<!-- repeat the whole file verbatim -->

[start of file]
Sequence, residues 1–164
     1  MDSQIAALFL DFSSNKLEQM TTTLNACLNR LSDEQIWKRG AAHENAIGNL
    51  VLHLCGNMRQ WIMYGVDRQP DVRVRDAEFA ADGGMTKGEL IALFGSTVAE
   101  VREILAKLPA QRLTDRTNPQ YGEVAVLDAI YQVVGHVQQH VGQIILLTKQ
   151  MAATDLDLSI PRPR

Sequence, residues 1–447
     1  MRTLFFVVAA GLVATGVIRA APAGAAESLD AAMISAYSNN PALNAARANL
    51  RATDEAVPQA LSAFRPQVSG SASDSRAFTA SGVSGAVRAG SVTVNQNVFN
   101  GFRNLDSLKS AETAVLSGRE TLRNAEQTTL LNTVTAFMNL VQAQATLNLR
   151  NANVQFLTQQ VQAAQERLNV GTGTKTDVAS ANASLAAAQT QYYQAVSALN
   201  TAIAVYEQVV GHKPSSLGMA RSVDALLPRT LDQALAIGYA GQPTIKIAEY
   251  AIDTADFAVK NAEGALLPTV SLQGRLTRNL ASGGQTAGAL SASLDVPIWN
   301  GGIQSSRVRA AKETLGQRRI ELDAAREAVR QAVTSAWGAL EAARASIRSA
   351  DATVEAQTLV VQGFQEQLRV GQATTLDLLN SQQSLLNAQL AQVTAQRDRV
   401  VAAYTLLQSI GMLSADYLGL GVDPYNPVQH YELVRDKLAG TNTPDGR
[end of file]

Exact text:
Sequence, residues 1–164
     1  MDSQIAALFL DFSSNKLEQM TTTLNACLNR LSDEQIWKRG AAHENAIGNL
    51  VLHLCGNMRQ WIMYGVDRQP DVRVRDAEFA ADGGMTKGEL IALFGSTVAE
   101  VREILAKLPA QRLTDRTNPQ YGEVAVLDAI YQVVGHVQQH VGQIILLTKQ
   151  MAATDLDLSI PRPR

Sequence, residues 1–447
     1  MRTLFFVVAA GLVATGVIRA APAGAAESLD AAMISAYSNN PALNAARANL
    51  RATDEAVPQA LSAFRPQVSG SASDSRAFTA SGVSGAVRAG SVTVNQNVFN
   101  GFRNLDSLKS AETAVLSGRE TLRNAEQTTL LNTVTAFMNL VQAQATLNLR
   151  NANVQFLTQQ VQAAQERLNV GTGTKTDVAS ANASLAAAQT QYYQAVSALN
   201  TAIAVYEQVV GHKPSSLGMA RSVDALLPRT LDQALAIGYA GQPTIKIAEY
   251  AIDTADFAVK NAEGALLPTV SLQGRLTRNL ASGGQTAGAL SASLDVPIWN
   301  GGIQSSRVRA AKETLGQRRI ELDAAREAVR QAVTSAWGAL EAARASIRSA
   351  DATVEAQTLV VQGFQEQLRV GQATTLDLLN SQQSLLNAQL AQVTAQRDRV
   401  VAAYTLLQSI GMLSADYLGL GVDPYNPVQH YELVRDKLAG TNTPDGR